Maybe This is My Practice

Only my heart seems to be real to me—really real. These oceans of emotions that seem to wave even without wind. This makes it almost impossible for me to do anything constructive with Zen, and it calls into question my ability to guide others and endure the arduous ceremonial training required of Zen priests. Thing is, none of it’s sacred to me, because none of it sticks around.


By Anshi Shenxing

I know I love—that’s all I’ve got.

No matter what, it seems like I’m naturally pushed into total agnosticism. All these views and methods, all these vows and intentions, and even my compassion all seem unstable. I’ve never practiced Zen in a vacuum, everything I learn to do has always involved, “Sure, this works for me, but what about you?” With that running criteria in mind, I haven’t been able to stumble on anything that truly “works.”

Someone wiser and more with it than me might say, “It’s all helpful means, each one crafted with a particular person in mind. Buddhism isn’t one-size fits all.” But how can I, in good conscience, recommend a view or method to someone that I don’t use or entertain as well? How can I talk about it with any kind of authenticity?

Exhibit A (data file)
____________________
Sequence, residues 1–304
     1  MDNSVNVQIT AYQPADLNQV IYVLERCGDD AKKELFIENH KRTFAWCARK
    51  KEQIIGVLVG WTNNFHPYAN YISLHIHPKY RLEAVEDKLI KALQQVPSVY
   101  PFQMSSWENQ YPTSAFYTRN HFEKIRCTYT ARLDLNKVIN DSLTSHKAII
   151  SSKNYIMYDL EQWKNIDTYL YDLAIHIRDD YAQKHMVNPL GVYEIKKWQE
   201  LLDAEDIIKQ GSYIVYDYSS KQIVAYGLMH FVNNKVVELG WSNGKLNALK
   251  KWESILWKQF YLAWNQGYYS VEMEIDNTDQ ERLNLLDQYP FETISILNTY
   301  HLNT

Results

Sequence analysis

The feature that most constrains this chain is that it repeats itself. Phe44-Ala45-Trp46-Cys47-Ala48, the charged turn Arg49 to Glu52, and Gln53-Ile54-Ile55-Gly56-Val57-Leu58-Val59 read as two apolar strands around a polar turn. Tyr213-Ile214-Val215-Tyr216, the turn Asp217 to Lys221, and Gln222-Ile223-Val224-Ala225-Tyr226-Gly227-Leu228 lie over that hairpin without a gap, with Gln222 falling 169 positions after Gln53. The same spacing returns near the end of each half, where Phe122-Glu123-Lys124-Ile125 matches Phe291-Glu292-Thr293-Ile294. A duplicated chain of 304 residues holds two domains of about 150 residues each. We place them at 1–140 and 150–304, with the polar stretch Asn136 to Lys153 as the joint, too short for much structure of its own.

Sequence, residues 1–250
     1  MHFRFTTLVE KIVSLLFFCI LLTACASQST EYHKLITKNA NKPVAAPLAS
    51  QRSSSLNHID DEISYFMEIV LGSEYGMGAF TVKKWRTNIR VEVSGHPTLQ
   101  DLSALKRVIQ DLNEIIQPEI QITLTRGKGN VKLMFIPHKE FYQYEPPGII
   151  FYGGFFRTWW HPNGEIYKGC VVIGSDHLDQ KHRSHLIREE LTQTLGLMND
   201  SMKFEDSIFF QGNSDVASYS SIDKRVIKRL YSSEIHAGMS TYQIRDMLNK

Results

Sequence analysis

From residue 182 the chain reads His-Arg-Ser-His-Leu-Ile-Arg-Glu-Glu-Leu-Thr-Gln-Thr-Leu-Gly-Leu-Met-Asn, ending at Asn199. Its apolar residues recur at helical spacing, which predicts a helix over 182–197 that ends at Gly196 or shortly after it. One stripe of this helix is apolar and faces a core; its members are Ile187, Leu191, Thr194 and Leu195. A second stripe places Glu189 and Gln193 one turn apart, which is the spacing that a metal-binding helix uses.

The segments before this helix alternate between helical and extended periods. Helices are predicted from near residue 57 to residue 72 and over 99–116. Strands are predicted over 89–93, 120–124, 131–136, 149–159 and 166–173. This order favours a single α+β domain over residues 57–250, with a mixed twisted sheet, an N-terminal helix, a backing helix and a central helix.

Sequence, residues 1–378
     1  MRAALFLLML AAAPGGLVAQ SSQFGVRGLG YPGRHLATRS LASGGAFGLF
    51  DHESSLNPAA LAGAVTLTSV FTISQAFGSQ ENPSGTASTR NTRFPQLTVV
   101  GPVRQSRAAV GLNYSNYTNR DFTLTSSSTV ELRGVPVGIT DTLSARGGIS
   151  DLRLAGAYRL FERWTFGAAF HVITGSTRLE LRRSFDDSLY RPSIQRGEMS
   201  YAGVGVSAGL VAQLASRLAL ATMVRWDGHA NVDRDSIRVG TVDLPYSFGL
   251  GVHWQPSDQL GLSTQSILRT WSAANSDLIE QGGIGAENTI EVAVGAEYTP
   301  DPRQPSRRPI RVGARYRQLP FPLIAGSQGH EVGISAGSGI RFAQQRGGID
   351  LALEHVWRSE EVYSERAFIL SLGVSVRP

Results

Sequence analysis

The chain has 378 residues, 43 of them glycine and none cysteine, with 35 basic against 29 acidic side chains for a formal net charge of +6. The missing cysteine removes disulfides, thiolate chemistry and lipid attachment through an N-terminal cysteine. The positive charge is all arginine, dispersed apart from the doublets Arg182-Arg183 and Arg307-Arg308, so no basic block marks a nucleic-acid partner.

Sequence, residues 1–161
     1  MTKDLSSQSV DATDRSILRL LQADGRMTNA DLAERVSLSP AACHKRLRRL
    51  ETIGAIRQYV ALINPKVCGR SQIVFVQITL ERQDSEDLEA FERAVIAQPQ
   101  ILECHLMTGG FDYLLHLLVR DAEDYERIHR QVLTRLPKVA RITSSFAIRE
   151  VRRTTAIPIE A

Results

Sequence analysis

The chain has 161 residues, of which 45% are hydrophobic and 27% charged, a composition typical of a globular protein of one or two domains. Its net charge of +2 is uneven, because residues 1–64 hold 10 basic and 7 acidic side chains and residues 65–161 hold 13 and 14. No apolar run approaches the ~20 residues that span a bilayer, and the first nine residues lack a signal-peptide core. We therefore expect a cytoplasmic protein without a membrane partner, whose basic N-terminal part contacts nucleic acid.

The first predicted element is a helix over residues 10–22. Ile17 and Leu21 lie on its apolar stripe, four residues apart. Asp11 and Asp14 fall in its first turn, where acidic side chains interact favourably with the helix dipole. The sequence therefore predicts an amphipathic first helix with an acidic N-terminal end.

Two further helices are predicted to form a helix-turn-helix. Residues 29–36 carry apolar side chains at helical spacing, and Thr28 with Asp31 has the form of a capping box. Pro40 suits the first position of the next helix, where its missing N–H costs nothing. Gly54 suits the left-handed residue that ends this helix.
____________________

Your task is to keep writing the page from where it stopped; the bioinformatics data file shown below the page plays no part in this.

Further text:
In Sartre’s terms, I’d be living in “bad faith,” I’d be pretending.

Is that the Bodhisattva way? Of course, a doctor doesn’t have to take all the meds they prescribe, and them not taking them doesn’t mean they’re placebos. See? That’s why I don’t have any views or methods; there’s always another side to everything that prevents me from donning a jersey and cheering for a specific team.

I can’t not see those other sides.

Yet they always leave me groundless, not knowing who I am, what to do, or what to believe. Only what I feel seems to be genuine. Everything else shifts and transforms on top of that.

Most of the time, I feel yearning. I know it isn’t good or bad, because it moves between them. I know it doesn’t have anything to do with others, because it’s still there even when my mind is free of notions like self and other. Something’s true if it remains as it is when everything else disappears. Something’s genuine if we can’t find its source, if it just seems to be.

Much of who we are is copied from others. Our words are copies, and then they’re used to forge thoughts, many of which are copies of views. The things we do are usually copies of the things we’ve seen others do. That means they’re not me or mine, they’re not genuine. Since they come and go based on our experiences, they’re not true.

Only my heart seems to be real to me—really real. These oceans of emotions that seem to wave even without wind.

This makes it almost impossible for me to do anything constructive with Zen, and it calls into question my ability to guide others and endure the arduous ceremonial training required of Zen priests. Thing is, none of it’s sacred to me, because none of it sticks around.

I can’t even meditate anymore, isn’t that interesting? All these methods seems like deadwood, good for nothing but a warm fire on a cool night. They don’t do anything, they don’t add anything to me or take anything away. As thriving trees, they provided baskets of fruits. But, now that they’re dead, it doesn’t make sense to keep showing up with a basket waiting for another apple to fall.